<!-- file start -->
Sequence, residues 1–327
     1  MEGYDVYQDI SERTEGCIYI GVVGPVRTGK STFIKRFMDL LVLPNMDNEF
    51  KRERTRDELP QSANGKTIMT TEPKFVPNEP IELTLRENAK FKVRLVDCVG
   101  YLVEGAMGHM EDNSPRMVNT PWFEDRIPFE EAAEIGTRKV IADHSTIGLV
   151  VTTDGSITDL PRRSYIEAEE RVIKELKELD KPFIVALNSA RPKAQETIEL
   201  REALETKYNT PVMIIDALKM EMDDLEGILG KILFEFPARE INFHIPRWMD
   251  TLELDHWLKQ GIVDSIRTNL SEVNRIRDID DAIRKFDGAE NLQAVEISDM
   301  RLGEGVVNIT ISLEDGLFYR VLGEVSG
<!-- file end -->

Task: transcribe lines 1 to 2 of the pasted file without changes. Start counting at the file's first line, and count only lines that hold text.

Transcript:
Sequence, residues 1–327
     1  MEGYDVYQDI SERTEGCIYI GVVGPVRTGK STFIKRFMDL LVLPNMDNEF